For kids who are a little older and ready to start hunting, try an alternative to Where’s Waldo? The Can You Find books–Can You Find Jesus, Can You Find Followers of Jesus, Can You Find Bible Heroes, and Can You Find Saints1–have the same search-and-find feel with the added bonus of catechesis. The illustrations are fabulous and there are helpful parent guides in the back. Depending on the kid, maybe age 5 and up? It’s hard to know–I tend to hang out with crazy smart toddlers. Natalie loved these books when she was 3.

For Kids Aged 8 and Up

I love catechesis as much as anyone, but sometimes you just want to buy a book that’s fun. For kids who love to read (or need to learn to), try some good, old-fashioned fantasy. E. Nesbit and Edward Eager write lovely books about normal kids who find a touch of magic to liven up their boring summers. The characters (the non-magical ones, anyway) are very real and their relationships complicated but beautiful–they always made me want to spend time with my siblings, an almost miraculous feat when there were still books to be read.

You just have to switch the LWW with the Magician's Nephew. I'm not kidding.

You just have to switch the LWW with the Magician’s Nephew. I’m not kidding.

We can’t forget the Chronicles of Narnia–beautifully written, subtly Christian,2 and practically Scripture in my family. Each child received a boxed set3 for first communion, although our parents had been reading them to us since infancy. I have distinct memories of going to pick my mom up from work 45 minutes early so we could sit in the car and listen to our dad reading the Chronicles. Every child should read these books–every adult, too. While you’re at it, buy the first movie (but not the next two). Read the book first, then get lost in Narnia as you watch the movie. I could go on for an entire post about everything that’s wrong with that movie, but when push comes to shove, it takes you to Narnia. Narnia baptized my imagination–definitely top ten in my required reading list.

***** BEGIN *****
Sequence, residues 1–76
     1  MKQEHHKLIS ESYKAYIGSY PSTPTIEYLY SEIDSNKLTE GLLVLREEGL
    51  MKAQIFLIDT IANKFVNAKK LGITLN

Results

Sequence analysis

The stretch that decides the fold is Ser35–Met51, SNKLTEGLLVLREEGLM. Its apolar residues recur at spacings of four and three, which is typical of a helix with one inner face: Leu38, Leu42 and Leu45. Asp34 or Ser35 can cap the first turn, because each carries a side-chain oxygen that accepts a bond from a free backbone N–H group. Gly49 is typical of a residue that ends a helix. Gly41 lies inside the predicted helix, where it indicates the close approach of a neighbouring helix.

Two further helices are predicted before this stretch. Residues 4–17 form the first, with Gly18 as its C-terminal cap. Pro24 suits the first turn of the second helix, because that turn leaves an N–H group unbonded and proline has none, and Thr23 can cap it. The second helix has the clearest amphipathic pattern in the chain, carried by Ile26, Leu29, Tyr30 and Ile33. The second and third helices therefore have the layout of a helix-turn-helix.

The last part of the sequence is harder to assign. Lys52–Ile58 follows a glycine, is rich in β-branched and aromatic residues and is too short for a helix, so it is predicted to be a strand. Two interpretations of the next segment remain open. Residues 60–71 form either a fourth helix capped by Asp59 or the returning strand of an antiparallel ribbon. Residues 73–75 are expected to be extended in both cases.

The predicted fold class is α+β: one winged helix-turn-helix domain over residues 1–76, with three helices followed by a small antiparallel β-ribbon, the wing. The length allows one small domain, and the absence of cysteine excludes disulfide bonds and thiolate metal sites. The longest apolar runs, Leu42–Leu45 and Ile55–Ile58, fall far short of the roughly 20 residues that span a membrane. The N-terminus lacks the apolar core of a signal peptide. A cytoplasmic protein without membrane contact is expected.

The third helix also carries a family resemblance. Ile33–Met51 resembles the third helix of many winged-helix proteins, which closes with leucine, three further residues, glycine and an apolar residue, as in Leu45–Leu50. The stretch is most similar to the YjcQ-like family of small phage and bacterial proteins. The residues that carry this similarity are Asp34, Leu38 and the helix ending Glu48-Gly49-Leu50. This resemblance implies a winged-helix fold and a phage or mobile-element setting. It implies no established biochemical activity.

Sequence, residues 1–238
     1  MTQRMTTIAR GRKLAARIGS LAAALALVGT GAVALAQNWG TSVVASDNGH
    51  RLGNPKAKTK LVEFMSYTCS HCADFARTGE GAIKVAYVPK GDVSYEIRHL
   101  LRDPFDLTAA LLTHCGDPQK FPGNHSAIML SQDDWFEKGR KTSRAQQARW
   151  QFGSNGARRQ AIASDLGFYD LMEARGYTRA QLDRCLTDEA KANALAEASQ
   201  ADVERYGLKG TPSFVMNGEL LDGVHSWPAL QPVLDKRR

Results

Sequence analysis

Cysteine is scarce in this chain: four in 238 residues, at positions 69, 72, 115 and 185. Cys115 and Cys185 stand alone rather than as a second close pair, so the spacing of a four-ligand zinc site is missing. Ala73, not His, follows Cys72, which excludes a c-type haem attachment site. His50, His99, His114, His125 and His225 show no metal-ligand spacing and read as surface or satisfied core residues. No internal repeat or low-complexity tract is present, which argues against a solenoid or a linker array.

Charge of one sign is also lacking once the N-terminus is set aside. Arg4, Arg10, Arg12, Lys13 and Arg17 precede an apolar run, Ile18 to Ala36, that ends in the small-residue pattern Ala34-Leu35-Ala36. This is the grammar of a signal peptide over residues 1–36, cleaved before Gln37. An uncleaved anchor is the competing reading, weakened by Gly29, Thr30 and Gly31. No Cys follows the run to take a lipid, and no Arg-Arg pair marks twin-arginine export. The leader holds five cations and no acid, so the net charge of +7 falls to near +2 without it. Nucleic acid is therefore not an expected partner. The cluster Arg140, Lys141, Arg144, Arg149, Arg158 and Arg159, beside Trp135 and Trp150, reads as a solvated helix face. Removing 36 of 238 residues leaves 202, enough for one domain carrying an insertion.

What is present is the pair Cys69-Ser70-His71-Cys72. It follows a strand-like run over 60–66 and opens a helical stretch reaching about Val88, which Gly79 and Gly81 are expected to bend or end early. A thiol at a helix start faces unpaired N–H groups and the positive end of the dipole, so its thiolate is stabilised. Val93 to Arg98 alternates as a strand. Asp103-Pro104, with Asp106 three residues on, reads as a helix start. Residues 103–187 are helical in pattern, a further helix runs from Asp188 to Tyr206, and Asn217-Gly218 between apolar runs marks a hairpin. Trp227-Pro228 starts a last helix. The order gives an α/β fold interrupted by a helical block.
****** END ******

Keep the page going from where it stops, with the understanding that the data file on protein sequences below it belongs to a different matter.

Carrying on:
Bear in mind that I don’t actually have any idea about reading levels. Most kids probably couldn’t read these until more like 5th grade. But some will be ready much earlier. When in doubt, get a book they’ll grow into, right?

For Tweens

Isn’t that an awful word? But it’s the least awkward way to say 10-14-year-old girls, which is what I’m going for. Really, these are some of my favorite books ever, ever, ever.

L.M. Montgomery of Anne of Green Gables fame wrote some of the most beautiful, moving fiction I’ve ever encountered. Particular favorites include The Blue Castle, Pat of Silver Bush, Mistress Pat, and all her collected short stories. I literally own every book she ever wrote, boxed up and waiting for my nieces to be old enough to love them. There’s an ache in Montgomery’s heroines; she sums up the single girl’s suffering perfectly in Anne of the Island:

Anne was always glad in the happiness of her friends; but it is sometimes a little lonely to be surrounded everywhere by happiness that is not your own.

Little girls love Montgomer’y’s Anne and The Story Girl. As they grow, they’ll love all the others as well. If you know a girl who loves to read4 and has a sensitive, imaginative soul, please introduce her to my dear friend Anne Shirley. She’ll thank you forever.